The Kan government has formed, having retained eleven ministers from the Hatoyama government (as expected). Among the new faces in Kan’s cabinet of “irregular forces” are Noda Yoshihko (finance), Yamada Masahiko (agriculture), Arai Satoshi (national strategy), Genba Kōichirō (administrative reform), and, perhaps most prominently, Renhō (government revitalization).
Looking at the transition from the Hatoyama-Ozawa regime to the new DPJ cabinet, Michael Cucek reviews the history of the DPJ’s coming to power and the nature of the Ozawa’s strategy and concludes that under Kan, “the DPJ, the classical DPJ, is back.”
It is hard to disagree. Indeed, the haste with which Kan Naoto and his “Seven Magistrate” deputies have tried to break with Ozawa — Kan’s telling the former secretary-general to keep quiet, new DPJ election chief Azumi Jun’s decision to review Ozawa’s strategy of running two candidates in three-seat districts — are surely just the beginning of what will be weeks and months of distancing the party from Ozawa. More than that, Kan’s emphasis on grassroots politics, the basis for Kan’s calling his cabinet a “cabinet of irregulars” (or commandos), stands in marked contrast to Ozawa’s courtship of the same interest groups that had long sustained the LDP in power.
What does this “classic” approach mean for the DPJ’s plans to build a top-down policymaking process?
Perhaps the biggest change is that under Kan and DPJ secretary-general Edano Yukio the party will undo the concentration of power in the office of the secretary-general that occurred under Ozawa. Most notably the party has accepted the restoration of the policy research council, the primary demand of the reform movement that emerged earlier this year.
The new PRC, however, will look nothing like the LDP’s PRC, not least because there is no indication that Kan will roll back the restrictions on contact between backbenchers and bureaucrats that the Hatoyama government promulgated upon taking power. Genba, the minister for public service reform, will serve simultaneously in the cabinet and as the PRC chair. Genba himself said in his first press conference that the “former PRC” is not being restored, that the new PRC will not pose a threat to the government’s plans to unify policymaking in the cabinet. Instead it appears, at least based on Genba’s remarks, that the PRC will serve as a forum for two-way communication between cabinet and party. As a member of the cabinet, Genba’s responsibilities will include explaining the government’s policies to backbenchers in addition to facilitating debates about new policies among MPs. The principle of collective responsibility ought to restrain Genba from using his post to challenge the government: as a cabinet minister he is obligated to defend the government’s decisions once they have been made.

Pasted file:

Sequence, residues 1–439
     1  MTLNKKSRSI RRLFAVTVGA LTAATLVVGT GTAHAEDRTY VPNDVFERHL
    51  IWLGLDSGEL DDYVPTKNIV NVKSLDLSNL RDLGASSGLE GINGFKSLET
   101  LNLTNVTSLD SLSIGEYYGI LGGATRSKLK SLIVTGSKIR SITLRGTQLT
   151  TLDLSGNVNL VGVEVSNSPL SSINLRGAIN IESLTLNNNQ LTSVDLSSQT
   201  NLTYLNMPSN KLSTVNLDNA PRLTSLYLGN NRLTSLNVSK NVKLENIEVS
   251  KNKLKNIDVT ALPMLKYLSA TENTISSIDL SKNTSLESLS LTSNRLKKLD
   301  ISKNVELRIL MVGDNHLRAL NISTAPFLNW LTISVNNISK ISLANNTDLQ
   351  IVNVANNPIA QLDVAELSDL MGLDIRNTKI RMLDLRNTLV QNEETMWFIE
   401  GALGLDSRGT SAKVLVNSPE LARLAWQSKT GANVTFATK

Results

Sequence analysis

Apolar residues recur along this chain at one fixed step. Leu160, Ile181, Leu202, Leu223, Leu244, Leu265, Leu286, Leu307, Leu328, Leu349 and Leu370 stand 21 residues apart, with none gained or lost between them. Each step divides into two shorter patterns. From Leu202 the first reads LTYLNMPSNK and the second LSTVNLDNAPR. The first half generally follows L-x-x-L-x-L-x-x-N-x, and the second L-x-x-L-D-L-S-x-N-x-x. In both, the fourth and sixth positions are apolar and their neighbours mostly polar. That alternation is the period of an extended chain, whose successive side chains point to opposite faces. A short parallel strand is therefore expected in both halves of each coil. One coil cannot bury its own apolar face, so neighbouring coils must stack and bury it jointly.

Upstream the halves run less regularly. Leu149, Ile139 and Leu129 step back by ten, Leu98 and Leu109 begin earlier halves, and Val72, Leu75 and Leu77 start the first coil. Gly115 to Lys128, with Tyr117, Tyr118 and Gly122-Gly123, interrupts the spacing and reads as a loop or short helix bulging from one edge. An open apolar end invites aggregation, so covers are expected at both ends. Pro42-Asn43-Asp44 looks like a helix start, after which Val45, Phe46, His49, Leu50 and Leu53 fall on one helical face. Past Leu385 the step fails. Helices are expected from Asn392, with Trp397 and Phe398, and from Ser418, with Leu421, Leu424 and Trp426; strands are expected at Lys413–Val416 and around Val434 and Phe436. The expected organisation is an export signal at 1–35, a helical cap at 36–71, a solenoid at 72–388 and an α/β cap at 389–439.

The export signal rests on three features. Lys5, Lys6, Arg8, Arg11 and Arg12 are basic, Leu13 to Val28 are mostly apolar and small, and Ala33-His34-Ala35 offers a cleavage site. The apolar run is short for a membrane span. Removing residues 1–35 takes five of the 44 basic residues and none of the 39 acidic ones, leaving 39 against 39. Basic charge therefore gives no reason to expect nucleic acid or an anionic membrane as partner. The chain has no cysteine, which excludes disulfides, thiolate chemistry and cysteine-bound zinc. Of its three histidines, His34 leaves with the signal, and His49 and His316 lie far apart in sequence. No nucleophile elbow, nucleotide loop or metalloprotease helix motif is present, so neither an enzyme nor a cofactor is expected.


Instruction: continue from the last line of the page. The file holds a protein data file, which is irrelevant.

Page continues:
The new PRC will enable backbenchers, especially first-term backbenchers, to participate in policy debates and perhaps generate new policy ideas — but there is no sense that it marks a return to bottom-up policymaking in which party members wield a veto over every government decision.
In addition to creating a new PRC that is directly linked to the cabinet, the Kan government will keep the new secretary-general closer to the government — literally. Edano may occupy an office within the Kantei. The result would be that the secretary-general would act more like a political adviser to the prime minister than the autonomous strategist that Ozawa had become, and, as Edano said in his initial remarks, would be responsible for defending the government’s decision before the voting public. (The Kan-Edano relationship will invariably differ than the Hatoyama-Ozawa relationship not least because Kan will not be overshadowed by his secretary-general in the public’s eye.)
The result is that under Kan the DPJ will try to replace a government in which the ruling party had fewer veto players but in which the party’s one veto player was at least as powerful as the prime minister with a government in which the party may have more veto player but in which the prime minister is more powerful, more visible to the public, and more capable of controlling party officials. There will be more players involved in policy debates, but my sense is that Kan, with the help of Sengoku Yoshito, the new chief cabinet secretary, will not be reluctant to remind his subordinates of who is in charge of the government.
Of course, the question hanging over this new “un-Ozawa” system is whether Ozawa himself will accept it. Freed of formal responsibilities, Ozawa will now have the time to forge his political loyalists into an Ozawa faction should he want to, which would of course make life difficult for the Kan government. Inevitably the new regime will have to make its peace with Ozawa — or Ozawa will have to restrain himself from intervening in policymaking and political strategy.
Nevertheless, under Kan the DPJ has a prime minister who may be even more devoted to building a Westminster-style system than his predecessor. The DPJ may have made some necessary concessions to the party’s MPs, but the goal remains strengthening the role of the prime minister and the cabinet at the expense of bureaucrats and backbenchers.